Central London was somewhat lacking in good cheer during this New Year with Trafalgar Square closed to merrymakers and no fireworks but the boundaries of good cheer now face major challenges during 2003.
Two major bills are coming before parliament this year in the form of the Licensing Bill and the Local Government Bill. These two pieces of legislation will have a powerful effect on central London and many other inner city areas by further entrenching the 24-hour city and all that can entail.
The Westminster area contains the largest number of licensed premises in the UK. There are still many residential areas within the borough and these tightly knit groupings have maintained a strong village identity.
People in areas such as Bayswater, Camden Town, Covent Garden, Pimlico and Soho as well as many others have strong residents’ associations and amenity societies. Many people that have lived there for many years indeed some for several generations and strongly identify with their historic district, just as would a member of a rural village.
The prospect of maintaining these areas as good places to live face mounting difficulties especially if the Licensing Bill hits the ground running. Any increase in the number of licensed premises or extension of opening hours will increase disorder and anti-social behaviour. The notion that abolishing fixed closing times will somehow transform the drinking culture and put an end to alcohol-fuelled violence is optimistic to put it mildly.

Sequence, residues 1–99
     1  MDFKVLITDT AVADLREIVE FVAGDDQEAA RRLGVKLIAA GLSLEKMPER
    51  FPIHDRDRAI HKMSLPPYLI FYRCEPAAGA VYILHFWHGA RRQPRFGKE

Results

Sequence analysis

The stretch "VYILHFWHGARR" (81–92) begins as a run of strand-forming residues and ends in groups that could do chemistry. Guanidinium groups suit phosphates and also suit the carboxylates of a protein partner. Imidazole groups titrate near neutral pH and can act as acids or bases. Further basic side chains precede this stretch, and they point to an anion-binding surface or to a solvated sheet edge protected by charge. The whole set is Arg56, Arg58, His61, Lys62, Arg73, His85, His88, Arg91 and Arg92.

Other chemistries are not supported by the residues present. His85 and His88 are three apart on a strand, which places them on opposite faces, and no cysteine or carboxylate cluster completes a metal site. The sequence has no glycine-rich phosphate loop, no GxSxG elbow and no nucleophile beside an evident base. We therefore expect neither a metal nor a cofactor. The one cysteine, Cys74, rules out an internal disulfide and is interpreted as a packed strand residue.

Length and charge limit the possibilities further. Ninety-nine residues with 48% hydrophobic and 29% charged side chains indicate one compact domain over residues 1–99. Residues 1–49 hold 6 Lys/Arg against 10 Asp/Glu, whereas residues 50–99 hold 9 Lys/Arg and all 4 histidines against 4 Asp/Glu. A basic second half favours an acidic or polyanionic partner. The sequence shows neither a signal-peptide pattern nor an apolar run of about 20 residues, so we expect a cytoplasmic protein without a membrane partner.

No account is being given to the adequacy of public transport or policing, as the new licensing rules are a central government proposal with limited flexibility to local authorities and local groupings.
In talking recently to a Chief Superintendent in the West End he was very worried that the concept of business improvement districts as set out in the Local Government Bill was relying too much on the comparison with New York which did not pass muster. New York has 24-hour transport and massive increases in police numbers heralded the recent fall in crime rate there central London can look forward to neither.
Yet the Bills are progressing. The people with most to benefit will be the large-scale operators in the leisure and entertainment industries, often at the expense of the smaller family-based restaurants, bars and clubs which are run by people with a genuine and long-term stake in the local community.
London has its own unique character. I know that all British cities feel they have their own proper identity which is why it is vital that local licensing laws and the power of local associations is not removed in the cause of so-called national cheer. One feels that a nightmare beckons for the good folk who give our inner cities their living heart.
I would be very pleased to hear views from any readers of the Westminster and Pimlico News as to their views about relaxing the licensing laws so please feel free to write to me:
Mark Field MP, House of Commons, London SW1A 0AA